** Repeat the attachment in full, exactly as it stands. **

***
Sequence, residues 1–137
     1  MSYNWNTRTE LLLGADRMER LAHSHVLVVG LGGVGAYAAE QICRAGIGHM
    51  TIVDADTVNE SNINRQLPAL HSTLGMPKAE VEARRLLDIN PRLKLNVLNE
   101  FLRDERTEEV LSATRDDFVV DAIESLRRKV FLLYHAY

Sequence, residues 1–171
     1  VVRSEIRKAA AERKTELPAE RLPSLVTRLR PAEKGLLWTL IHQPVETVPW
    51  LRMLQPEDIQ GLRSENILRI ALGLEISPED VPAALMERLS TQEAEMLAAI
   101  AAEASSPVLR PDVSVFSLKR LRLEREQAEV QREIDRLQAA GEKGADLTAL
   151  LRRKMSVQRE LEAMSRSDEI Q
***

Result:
Sequence, residues 1–137
     1  MSYNWNTRTE LLLGADRMER LAHSHVLVVG LGGVGAYAAE QICRAGIGHM
    51  TIVDADTVNE SNINRQLPAL HSTLGMPKAE VEARRLLDIN PRLKLNVLNE
   101  FLRDERTEEV LSATRDDFVV DAIESLRRKV FLLYHAY

Sequence, residues 1–171
     1  VVRSEIRKAA AERKTELPAE RLPSLVTRLR PAEKGLLWTL IHQPVETVPW
    51  LRMLQPEDIQ GLRSENILRI ALGLEISPED VPAALMERLS TQEAEMLAAI
   101  AAEASSPVLR PDVSVFSLKR LRLEREQAEV QREIDRLQAA GEKGADLTAL
   151  LRRKMSVQRE LEAMSRSDEI Q